OCT 12 – We arrived in Cleveland in the wee morning hours. Due in at 12:59 AM, the train was an hour and a quarter late. The approach was beautiful, over a bridge suspended just above an inky Cuyahoga River surface reflecting the colorful lights above. The chipper good humor of Janet, who met us at the station, belied the lateness of the hour. Our subsequent impromptu tour of the city included a 2:30 AM visit to the site of Occupy Cleveland, where 40 or 50 people were bedded down in a close-knit tent city. A couple of middle-aged African-American men waved at us from their sleeping bags. A few people stood on the sidewalk chatting amicably with the five uniformed police on site. Janet assured us that the police were there as friends; their own salaries are on the chopping block so they have generally been supportive of the occupation. A young man with unruly hair walked over and leaned in for a quick introduction to Brian. Janet continued to orient us as we made our way over to the Cleveland Heights home where we would spend the next four nights (thank you Peggy!).
Brian and I woke up to rain, feeling well rested after sleeping in (still on Pacific Time), but a little out of sorts because the power was out. We were we determinedly traveling without cell phones and there was no working clock to be found anywhere. Our own little travel clock had apparently been knocked off track by being squished into my overloaded backpack (no way it was 5:30, AM or PM!). It took a walk in the rain to find out from neighbors why the power was out (trees being trimmed) and what time it was (close to 1:00). After updating Brian I ventured out again for coffee and to rent a car for two days so we could at least get out to do some computing during the morning hours, as our host’s router had broken down just before our arrival.
Brian’s premiere East Coast book talk was held that evening (Wednesday, Oct. 12th) at Revolution Books in Cleveland Heights, located at the corner of Mayfield at the lower end of the Coventry Road business district. As we approached the figures milling out front of the store, a tall thin man wearing a ball cap and spectacles greeted us. “Do you remember me?” he asked Brian. Turns out it was Brian’s ex-brother-in-law from West Virginia, the ex-husband of one of the sisters of his first wife. They hadn’t seen each other for 32 years; he had learned about the event through one of Brian’s facebook friends. The small space was filled by starting time and Evie Morris warmed up the crowd with a song as volunteers squeezed in a few more folding chairs. I counted 25 people and about half that many book were sold—not a bad kickoff. We met a few of Cleveland’s stalwart activists that evening, including MJ Muser, a wonderful organizer who was integral in setting up his three Cleveland events, all of which she would attend. This C-Town leg wouldn’t have happened without her!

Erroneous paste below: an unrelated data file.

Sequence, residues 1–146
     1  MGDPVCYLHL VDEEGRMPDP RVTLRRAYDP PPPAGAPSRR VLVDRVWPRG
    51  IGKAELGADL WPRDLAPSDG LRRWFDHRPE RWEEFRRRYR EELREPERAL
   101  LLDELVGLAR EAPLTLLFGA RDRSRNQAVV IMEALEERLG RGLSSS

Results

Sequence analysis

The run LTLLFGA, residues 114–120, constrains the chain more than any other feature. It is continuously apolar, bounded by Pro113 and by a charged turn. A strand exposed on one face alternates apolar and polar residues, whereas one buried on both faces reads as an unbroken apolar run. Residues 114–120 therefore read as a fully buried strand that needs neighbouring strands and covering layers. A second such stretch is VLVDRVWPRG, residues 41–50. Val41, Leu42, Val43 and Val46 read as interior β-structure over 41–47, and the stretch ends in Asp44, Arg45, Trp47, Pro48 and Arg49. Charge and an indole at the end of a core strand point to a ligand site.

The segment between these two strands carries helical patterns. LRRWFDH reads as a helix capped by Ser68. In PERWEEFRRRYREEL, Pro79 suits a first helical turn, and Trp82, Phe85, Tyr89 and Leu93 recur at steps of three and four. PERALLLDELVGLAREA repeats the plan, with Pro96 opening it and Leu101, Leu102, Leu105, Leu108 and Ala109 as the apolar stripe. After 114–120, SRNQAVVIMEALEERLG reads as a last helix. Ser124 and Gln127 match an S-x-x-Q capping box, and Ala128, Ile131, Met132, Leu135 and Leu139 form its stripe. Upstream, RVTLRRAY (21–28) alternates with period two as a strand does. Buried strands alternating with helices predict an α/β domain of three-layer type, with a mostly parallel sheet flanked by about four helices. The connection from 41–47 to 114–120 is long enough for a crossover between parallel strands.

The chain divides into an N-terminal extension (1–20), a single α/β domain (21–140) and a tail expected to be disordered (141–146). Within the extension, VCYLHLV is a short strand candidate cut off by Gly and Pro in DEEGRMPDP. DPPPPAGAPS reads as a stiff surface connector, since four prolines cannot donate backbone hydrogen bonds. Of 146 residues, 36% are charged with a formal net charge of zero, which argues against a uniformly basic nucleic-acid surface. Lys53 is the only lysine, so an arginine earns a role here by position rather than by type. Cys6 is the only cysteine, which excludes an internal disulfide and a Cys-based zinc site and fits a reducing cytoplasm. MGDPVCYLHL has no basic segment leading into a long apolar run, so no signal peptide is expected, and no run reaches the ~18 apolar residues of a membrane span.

OCT 13 – Early the next afternoon, MJ picked us up with Mike Fagan, our volunteer driver for the day. The first destination was the Amtrak station, where we hoped to pick up our tickets for an early morning departure on Saturday. We wound our way from Cleveland Heights through Little Italy, around museum row, and made a quick stop at the lakefront (Lake Erie that is) on our way downtown. All along the way MJ pointed out historical landmarks, festival locations and other cultural attractions, and entertained us with stories about local political actions and Cleveland activists. Mike’s valiant effort to get us to the Amtrak station turned out to be a wild goose chase, as the station is only open from 9:30PM to 1:00PM. So we moved on to Occupy Cleveland, where we spent a lovely hour hanging out and chatting with fellow 99ers. We learned that the occupation was small but stable, with numbers fluctuating every day. It was a fairly diverse group. Some people were working during the day and sleeping there at night. General assemblies and small marches were happening every day at regular times. Plentiful donations of food and drink were evident and there was even a roll-your-own tobacco station. The Cleveland occupation was receiving regular media attention, from independent videographers as well as professional journalists. One young spokeswoman, who told me she quit her day job to help organize, flashed the BBC t-shirt she got when Occupy Cleveland was featured on the international network’s “Have Your Say” call-in radio show.